Archive for November, 2006

We recently hosted the 11th installment of “Don’t You Have a Map?”, a “collaborative, traveling essay in letters” whose distributed parts are hosted by a different website each month. The writing, like the method, ranges over a wide geography, mapping the landscapes of nature, language, and cyberspace against each other.
WRT interviewed horse less press […]

OCS Digital Congress begins

(I post this message to strongly encourage all to attend.)

Third Congress of the Observatory for Cybersociety “OPEN KNOWLEDGE. FREE SOCIETY” November 20-December 3.

You will no doubt find one working group to be of particular interest:

Topics include: new interfaces, new works of electronic literature, electronic criticism of literature, and copyright/copyleft concerns.

I have read the papers and know you will find them and discussions about them insightful. So far 3950 people (and counting) have registered for the Congress. Don’t miss out in this exciting international dialogue as the Congress only meets every two years.

(The languages of the congress are English, Spanish, Catalan, Galician and Portuguese. Everyone can comment in their own language and use translators–machine or human–to follow the conversation. I have had no trouble reading many of these papers translated by BabelFish. Note: Without conversations about digital media across languages and nations, electronic literature will be doomed to redundancy, insularity, and linguistic segregation).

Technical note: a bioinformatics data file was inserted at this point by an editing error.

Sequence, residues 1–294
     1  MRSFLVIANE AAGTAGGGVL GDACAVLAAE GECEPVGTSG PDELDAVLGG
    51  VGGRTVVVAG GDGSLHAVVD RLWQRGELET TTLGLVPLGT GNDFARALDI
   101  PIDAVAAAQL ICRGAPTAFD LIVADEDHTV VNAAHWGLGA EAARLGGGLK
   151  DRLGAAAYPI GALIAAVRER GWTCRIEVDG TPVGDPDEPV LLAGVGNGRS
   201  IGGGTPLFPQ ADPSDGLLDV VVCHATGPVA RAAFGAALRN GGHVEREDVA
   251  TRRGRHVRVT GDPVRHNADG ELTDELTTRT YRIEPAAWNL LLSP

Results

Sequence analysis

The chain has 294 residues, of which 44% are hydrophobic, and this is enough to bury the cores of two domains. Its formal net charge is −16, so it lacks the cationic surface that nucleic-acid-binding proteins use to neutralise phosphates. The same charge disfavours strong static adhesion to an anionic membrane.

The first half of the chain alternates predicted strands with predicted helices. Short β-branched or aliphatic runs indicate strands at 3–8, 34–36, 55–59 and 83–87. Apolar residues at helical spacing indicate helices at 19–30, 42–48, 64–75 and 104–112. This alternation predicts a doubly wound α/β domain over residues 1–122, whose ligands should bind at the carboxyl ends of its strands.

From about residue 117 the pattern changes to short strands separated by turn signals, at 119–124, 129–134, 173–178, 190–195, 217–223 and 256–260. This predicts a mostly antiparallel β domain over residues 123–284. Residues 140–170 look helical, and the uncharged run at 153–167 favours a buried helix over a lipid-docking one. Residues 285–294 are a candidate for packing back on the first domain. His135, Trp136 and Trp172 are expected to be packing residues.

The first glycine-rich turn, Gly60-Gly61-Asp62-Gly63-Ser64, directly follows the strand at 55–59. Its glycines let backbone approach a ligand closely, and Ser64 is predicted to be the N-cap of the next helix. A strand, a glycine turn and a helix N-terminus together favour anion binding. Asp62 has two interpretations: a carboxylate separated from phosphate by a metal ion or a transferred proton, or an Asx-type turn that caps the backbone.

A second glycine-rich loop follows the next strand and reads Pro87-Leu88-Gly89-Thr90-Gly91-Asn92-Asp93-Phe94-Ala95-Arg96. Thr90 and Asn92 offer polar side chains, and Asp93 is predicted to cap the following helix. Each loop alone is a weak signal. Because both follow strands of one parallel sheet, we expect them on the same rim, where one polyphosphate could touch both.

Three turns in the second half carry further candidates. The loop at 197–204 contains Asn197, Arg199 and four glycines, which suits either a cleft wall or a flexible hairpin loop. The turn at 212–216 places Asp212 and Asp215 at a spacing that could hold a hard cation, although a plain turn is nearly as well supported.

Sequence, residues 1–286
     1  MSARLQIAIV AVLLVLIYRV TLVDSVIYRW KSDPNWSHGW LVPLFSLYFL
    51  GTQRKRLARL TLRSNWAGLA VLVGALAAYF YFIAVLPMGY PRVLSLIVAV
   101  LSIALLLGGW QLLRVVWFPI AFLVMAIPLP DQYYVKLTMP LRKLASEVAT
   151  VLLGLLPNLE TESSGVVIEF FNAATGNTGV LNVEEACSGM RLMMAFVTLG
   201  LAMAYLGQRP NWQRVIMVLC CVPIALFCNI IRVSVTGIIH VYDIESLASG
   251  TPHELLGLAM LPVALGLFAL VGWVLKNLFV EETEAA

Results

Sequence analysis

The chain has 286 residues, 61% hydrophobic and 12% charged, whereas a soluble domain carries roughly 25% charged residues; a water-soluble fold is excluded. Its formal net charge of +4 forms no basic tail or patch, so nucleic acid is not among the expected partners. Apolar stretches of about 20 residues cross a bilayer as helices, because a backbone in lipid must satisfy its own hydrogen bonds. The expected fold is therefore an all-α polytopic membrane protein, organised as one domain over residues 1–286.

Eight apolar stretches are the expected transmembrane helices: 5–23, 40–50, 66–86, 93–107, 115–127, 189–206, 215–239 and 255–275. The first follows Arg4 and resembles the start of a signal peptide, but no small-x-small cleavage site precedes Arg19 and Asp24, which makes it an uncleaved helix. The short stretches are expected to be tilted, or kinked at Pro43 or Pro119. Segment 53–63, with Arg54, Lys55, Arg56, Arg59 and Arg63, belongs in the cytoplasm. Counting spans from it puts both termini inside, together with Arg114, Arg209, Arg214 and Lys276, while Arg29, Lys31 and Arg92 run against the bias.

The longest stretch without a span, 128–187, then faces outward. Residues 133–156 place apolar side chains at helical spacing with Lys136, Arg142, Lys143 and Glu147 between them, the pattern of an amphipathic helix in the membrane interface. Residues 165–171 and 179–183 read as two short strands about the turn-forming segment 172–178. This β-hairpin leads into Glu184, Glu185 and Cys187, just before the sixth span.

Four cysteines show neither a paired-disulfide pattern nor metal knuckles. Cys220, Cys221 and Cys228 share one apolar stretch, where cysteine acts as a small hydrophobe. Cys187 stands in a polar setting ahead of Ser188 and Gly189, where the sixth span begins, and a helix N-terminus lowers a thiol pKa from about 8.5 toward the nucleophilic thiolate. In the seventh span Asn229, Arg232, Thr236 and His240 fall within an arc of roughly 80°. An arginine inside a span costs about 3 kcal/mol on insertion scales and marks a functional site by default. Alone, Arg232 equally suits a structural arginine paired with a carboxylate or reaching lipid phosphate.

To register go here:
See previous WRT post here:
Recommended papers for our readers:

* “Scholarship and Publishing in the Age of New Media Technology” by Steven Totosy de Zepetnek. Totosy relates experiences from editing and publishing the CLCWeb: Comparative Literature and Culture. (Written in English)
* “N-tier Entertainments: Electronic Literture as an Information System” by Juan B. Gutierrez and Mark C. Marino This paper extends the work in Noah Wardrip-Fruin’s recent dissertation.
* “Narrative, Game, and Knowledge in Golpe de Gracia” by Jaime Alejandro Rodriguez Ruiz. Here Rodriguez Ruiz theorizes about his recent work, discussed at length here.
* “Literature on the Internet: The Example of Fanfictions” by Carmen Moran Rodriguez. Rodriguez explores fanfiction’s essential connection to the internet.
* “Videogames: Considerations about the frontier of digital narrative” by Domingo Sanchez-Mesa.
* “Acoustic Echoes, digital echoes: Reflections on the literary reception and creation in digital media” by Amelia Fernandez Rodriguez. A complex exploration of the essence of hyperfiction.

Also see essays about other extrordinary works in English and Spanish, including a Wikinovel and a Webnovel. See you at the Congress.

Don’t You Have a Map? is “a collaborative, traveling essay in letters” that tracks a series of poetic exchange between horse less Press editors Jen Tynes and Erika Howsare in their epistolary identities as J and E. The exchange is “traveling” in the sense that each part is hosted by a different website, and […]